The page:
But it is not in Post’s interests to know these things. A vascular biologist, his job is obtaining grants to do lab research. And he has been successful in doing this, with two years’ worth of funds in hand to try to eliminate animal-based cells from “meat” production; to improve the taste, smell and texture of stem cell “meat”; to bring down production costs; and to work on the regulatory path needed to approve this as a novel food.

The best and final question of the session came from a chef in the audience, who wondered if this substance from stem cells was going to be to meat as infant formula is to breast milk. Post did not seem to understand the question and with spectacular hubris said in fact he hoped they could make this product better than meat by isolating and removing the harmful qualities of it which cause, for example, colon cancer — once they figure out what those qualities are.

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London – food & drugs

Mystery revellers at Westminster

Gorgeous springtime weather here in the UK, which has earned it after a sodden couple of months. Last weekend it hit 17c on Sunday which brought all the picnickers out in force. Primrose Hill was littered with everyone and his dog, and the market at Camden Lock was seething. It’s not the market that was during my day, but I was pleased to see a few things have endured, like Marine Ices and Belgo Noord. But the market itself – once a jumble of knick-knacks, housewares, jewelery, and oddities with a bit of food – has become one big street food extravaganza with little else on offer. If you’re hungry and willing to eat and run, it’s the place to be on a weekend. But otherwise, other markets.

Camden Regents Canal

 

 

 

 

 

I’ve managed to arrive in time to attend some of the free lectures on offer at Kings College London in its Feed Your Mind series. I went to the well-attended first session, Obese London, to learn about obesity rates and their consequences for Londoners. These are highest among immigrant populations, whose diet plummets away from traditional foods into heavy consumption of the worst foods (chips, sugary drinks, chocolate, sweets and processed foods) the longer they’ve been in the country. And of course these deliver obesity and its associated chronic illnesses including diabetes, hypertension, cardiovascular disease and higher mortality.

 

 

 

 

 

Yesterday I headed to KCL’s Guy’s Campus, in the shadow of the Shard, and arrived as the Tuesday farmers market was underway. The afternoon’s entertainment was called Hot & Spicy Drugs, which focused somewhat disappointingly and pretty much exclusively on capsaicin (the heat in chilli peppers) and its possible uses in pharmacology. I’d been hoping for a bit more talk about more of the hot & spicy foods and their uses both traditional and pharmacological, but I learned some interesting things. Birds lack the receptor protein that gives chillies their heat; drugs that block this receptor in humans have been developed but are not used since they also block our ability to feel external heat, which seems a pretty undesirable side effect. Applied topically, capsaicin (after an introductory period of discomfort) has a desensitizing effect which can help a lot of kinds of neuralgia and neuropathy. Capsaicin creams and patches have been found to be helpful in relieving pain associated with arthritis, shingles, psoriasis and a number of other conditions. And we got to do a taste test with randomly assigned chocolates with different amounts of chilli in them; as might have been expected, the perception of heat varied wildly among tasters.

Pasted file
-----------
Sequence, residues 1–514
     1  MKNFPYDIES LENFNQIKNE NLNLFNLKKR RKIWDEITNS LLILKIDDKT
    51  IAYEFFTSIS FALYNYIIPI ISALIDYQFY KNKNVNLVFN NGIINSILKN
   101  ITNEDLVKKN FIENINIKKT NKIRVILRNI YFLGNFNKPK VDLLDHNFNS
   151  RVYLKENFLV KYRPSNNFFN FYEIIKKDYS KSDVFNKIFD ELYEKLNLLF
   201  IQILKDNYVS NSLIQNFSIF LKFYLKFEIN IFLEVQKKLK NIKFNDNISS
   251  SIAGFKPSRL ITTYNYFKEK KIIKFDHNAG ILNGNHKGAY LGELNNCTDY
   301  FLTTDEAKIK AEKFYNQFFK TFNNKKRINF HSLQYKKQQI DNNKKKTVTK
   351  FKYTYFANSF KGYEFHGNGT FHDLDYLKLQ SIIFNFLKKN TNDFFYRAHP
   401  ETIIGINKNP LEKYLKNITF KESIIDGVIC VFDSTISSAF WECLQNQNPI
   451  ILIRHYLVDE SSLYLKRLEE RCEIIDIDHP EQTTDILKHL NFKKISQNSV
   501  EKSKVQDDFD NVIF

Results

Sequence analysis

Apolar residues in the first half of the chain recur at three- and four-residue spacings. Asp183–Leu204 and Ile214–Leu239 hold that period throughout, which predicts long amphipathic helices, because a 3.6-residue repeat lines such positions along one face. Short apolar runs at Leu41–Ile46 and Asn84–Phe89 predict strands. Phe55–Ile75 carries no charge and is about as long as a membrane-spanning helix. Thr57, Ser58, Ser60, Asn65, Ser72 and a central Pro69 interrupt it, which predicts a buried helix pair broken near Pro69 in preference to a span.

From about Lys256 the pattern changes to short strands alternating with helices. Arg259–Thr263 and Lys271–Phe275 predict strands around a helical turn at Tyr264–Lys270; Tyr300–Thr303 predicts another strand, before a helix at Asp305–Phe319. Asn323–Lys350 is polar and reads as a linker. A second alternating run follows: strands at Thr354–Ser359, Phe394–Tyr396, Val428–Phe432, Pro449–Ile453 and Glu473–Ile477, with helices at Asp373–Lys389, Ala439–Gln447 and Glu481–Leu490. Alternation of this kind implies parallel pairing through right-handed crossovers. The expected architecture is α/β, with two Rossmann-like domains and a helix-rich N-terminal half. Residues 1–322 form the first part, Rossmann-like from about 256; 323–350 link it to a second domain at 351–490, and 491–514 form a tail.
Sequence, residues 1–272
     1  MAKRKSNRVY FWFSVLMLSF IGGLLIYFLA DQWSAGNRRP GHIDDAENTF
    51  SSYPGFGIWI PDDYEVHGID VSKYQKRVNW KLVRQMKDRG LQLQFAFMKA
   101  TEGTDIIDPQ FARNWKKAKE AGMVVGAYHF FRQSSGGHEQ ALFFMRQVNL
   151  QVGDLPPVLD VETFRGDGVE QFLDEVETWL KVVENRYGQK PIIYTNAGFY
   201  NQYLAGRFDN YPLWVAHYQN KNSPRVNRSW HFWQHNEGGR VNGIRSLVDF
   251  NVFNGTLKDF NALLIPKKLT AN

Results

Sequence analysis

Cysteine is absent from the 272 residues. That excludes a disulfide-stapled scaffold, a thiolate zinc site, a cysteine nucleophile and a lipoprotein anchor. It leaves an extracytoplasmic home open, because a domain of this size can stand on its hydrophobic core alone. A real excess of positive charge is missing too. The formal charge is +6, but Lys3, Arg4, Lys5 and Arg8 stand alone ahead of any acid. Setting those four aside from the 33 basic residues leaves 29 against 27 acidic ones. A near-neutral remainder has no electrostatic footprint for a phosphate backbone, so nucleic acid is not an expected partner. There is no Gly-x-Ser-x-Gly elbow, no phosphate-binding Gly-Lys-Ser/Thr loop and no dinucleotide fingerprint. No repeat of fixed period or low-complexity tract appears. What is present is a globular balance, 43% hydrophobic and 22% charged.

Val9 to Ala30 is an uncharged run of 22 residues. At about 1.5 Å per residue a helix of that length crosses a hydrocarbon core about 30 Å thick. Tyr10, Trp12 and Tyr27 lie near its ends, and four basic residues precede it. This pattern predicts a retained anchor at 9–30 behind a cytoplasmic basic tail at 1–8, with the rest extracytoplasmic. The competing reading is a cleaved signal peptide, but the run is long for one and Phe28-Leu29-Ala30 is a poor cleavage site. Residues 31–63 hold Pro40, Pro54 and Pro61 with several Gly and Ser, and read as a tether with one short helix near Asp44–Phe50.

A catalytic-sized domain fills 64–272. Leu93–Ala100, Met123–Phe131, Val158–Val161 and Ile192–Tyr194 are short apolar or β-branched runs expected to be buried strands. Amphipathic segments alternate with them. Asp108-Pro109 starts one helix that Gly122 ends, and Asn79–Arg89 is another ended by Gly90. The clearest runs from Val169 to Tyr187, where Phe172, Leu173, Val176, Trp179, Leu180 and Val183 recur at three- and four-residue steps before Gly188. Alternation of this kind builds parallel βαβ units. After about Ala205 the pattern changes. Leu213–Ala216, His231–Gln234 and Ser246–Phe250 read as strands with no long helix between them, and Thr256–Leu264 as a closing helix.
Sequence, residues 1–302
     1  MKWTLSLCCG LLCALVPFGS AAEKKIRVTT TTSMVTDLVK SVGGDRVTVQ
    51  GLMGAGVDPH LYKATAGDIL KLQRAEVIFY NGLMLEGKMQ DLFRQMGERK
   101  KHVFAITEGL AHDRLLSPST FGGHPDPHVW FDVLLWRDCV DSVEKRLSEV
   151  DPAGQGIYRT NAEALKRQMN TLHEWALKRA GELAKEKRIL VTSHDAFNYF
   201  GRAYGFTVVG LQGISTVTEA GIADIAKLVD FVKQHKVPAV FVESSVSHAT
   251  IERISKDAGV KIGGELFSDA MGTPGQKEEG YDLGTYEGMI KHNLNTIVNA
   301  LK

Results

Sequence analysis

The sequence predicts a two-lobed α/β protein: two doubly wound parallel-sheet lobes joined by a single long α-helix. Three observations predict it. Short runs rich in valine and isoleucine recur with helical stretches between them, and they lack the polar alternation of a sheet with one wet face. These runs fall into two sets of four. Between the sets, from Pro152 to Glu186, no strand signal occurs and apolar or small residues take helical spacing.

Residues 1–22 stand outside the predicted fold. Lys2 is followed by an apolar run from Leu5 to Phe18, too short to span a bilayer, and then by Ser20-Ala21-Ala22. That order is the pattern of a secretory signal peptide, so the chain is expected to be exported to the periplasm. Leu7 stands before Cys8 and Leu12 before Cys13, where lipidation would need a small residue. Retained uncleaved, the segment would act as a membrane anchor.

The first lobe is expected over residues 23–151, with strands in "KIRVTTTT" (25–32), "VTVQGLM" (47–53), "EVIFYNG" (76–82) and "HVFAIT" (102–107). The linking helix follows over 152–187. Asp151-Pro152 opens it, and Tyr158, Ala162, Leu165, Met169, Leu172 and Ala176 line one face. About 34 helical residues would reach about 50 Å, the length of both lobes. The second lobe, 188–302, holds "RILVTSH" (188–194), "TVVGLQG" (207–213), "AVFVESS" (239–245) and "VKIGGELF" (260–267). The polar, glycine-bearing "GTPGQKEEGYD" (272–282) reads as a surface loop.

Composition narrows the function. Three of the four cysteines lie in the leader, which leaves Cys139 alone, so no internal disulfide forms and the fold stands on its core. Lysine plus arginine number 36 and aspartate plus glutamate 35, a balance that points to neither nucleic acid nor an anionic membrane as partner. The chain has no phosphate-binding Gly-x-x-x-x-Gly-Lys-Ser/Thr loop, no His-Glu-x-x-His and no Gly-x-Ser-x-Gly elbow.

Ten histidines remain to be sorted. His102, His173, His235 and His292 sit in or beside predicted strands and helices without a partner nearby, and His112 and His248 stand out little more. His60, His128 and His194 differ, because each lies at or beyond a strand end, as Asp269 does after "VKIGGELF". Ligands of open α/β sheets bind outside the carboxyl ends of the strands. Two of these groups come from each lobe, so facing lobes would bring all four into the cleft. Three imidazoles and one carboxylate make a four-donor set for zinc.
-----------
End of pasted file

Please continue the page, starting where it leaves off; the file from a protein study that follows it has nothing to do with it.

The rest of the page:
Tomorrow I’m off to hear the creator of meat from stem cells, Professor Mark Post of Maastricht University, extoll the virtues of stemburgers. Yum.

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So long Seattle

Amy Tan book-signing queue

Nearly a week has slid by since I waved goodbye to Seattle in the drizzly rain, my drizzly cold wreaking its final revenge as I worked my way through as many in-flight movies as I could en route to London last Sunday night. To clear the decks for reports from the UK, here’s a short and inadequate summary of the end of my AWP.

The last day of the conference was a bit up and down. I had been taking things easy, perhaps too easy — so missed the first session entirely and arrived late to the second – which I left in any case as it was just not what I wanted to hear. And the presenters were following the maddening habit of refusing to stand at the podium, rendering them invisible to all but those in the front row. It’s always hard to pick panels that are what you expect, but this was the first I’d given up on.